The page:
COLUMBIA — Hundreds of friends, colleagues and family members remembered Dr. Hugh E. Stephenson Jr. on Saturday as a "true Tiger" with an unwavering, lifelong commitment to MU.
The 90-year-old Stephenson died July 26 from Parkinson's disease at his summer home in Rehoboth Beach, Del. The Columbia native, the son of a dentist, grew up two blocks from campus and earned two bachelor's degrees from Missouri. He completed medical school at Washington University in St. Louis, since at the time MU only had a two-year medical program.
In the early 1950s, Stephenson helped secure MU's status as a four-year medical school and teaching hospital in once-rural Columbia while working as a surgical resident at New York's Bellevue Hospital. He soon returned to the MU Medical School, where he would spend nearly four decades as a faculty member and make his mark as a nationally prominent heart surgeon. Stephenson later served as a University of Missouri System curator after his 1992 retirement.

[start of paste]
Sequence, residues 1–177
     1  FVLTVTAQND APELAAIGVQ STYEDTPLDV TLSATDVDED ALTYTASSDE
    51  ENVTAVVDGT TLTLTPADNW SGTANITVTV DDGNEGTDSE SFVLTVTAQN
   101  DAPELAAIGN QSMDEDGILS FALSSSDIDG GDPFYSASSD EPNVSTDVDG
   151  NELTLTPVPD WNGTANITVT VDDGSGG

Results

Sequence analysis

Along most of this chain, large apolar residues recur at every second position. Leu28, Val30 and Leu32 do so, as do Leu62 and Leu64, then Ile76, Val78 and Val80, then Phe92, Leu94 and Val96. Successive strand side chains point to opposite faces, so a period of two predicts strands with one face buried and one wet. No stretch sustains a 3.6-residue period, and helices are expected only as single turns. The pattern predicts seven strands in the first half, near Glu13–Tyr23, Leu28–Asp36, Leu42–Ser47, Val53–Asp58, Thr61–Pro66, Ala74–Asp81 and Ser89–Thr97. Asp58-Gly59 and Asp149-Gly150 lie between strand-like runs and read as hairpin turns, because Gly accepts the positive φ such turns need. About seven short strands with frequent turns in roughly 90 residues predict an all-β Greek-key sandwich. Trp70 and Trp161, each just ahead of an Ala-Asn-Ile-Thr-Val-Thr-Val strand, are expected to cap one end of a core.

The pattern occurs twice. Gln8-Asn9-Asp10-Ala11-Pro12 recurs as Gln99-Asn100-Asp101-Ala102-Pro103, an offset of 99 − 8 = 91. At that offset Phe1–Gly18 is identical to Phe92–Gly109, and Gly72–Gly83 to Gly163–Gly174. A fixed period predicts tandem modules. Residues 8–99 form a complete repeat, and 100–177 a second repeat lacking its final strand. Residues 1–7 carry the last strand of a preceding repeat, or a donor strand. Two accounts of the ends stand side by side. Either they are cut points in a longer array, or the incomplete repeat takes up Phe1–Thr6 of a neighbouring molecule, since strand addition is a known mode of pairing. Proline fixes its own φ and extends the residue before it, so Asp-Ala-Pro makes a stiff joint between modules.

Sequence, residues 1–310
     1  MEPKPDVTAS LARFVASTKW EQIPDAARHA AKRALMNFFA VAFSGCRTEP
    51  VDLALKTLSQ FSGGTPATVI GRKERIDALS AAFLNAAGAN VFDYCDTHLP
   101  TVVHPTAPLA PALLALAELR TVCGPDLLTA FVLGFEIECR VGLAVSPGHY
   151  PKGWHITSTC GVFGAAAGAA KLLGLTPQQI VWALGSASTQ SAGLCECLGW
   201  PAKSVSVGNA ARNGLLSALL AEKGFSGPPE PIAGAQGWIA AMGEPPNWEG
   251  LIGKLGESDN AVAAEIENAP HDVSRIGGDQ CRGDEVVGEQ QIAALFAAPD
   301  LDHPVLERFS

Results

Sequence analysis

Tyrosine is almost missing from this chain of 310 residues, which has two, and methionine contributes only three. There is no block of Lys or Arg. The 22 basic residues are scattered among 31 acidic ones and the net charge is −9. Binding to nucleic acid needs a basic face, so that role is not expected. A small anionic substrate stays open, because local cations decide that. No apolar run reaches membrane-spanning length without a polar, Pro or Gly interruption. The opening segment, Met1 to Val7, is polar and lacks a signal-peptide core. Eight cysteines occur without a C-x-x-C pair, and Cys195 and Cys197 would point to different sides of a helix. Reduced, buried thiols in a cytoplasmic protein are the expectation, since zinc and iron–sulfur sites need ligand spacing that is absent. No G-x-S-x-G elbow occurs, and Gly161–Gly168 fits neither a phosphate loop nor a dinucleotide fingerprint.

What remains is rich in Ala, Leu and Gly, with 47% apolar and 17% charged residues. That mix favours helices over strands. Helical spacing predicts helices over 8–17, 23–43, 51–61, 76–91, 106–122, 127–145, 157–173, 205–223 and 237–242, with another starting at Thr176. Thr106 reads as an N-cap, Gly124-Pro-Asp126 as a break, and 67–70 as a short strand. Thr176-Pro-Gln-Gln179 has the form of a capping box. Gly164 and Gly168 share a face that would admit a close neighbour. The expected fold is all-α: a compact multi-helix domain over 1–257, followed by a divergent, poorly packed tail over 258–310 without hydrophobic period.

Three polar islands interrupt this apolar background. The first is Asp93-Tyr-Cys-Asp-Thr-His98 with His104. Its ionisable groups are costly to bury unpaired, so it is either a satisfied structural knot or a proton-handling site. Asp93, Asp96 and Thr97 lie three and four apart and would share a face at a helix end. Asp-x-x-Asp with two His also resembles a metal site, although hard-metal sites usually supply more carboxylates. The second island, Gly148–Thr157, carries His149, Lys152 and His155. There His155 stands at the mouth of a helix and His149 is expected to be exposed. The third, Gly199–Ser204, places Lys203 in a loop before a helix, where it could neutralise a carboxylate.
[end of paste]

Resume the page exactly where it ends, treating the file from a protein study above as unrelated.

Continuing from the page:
"We owe our very existence as a health sciences university to Dr. Stephenson," said Dr. Hal Williamson, vice chancellor of the MU Health System. "By all accounts, his passion carried the day."
Stephenson is credited with developing one of the first mobile cardiac resuscitation units during his residency. At MU, he was chairman of the surgery department, medical chief of staff and an interim dean of the medical school. He performed the university's first open heart surgery in 1958, and was one of the first surgeons to implant an automatic defibrillator. The medical school named its surgery department after Stephenson in 2003.
Stephenson was an avid college football fan whose front yard was decked out with a pair of goal posts, and his nine books included a history of the lost art of the drop kick. He was an active member and former president of the Beta Theta Phi fraternity. Dozens of his fraternity brothers, young and old, attended the funeral at Columbia's First Baptist Church. He was recruited to join the fraternity by MU student Sam Walton, who would later found Wal-Mart Stores Inc.
"Hugh set the standard for the highest personal and professional integrity, and he will always be a model for our medical students and faculty," said Dr. Robert Churchill, dean of the MU School of Medicine. "I will deeply miss being able to stop by his office to draw on his wisdom as a giant in medicine and as a leader of higher education in Missouri."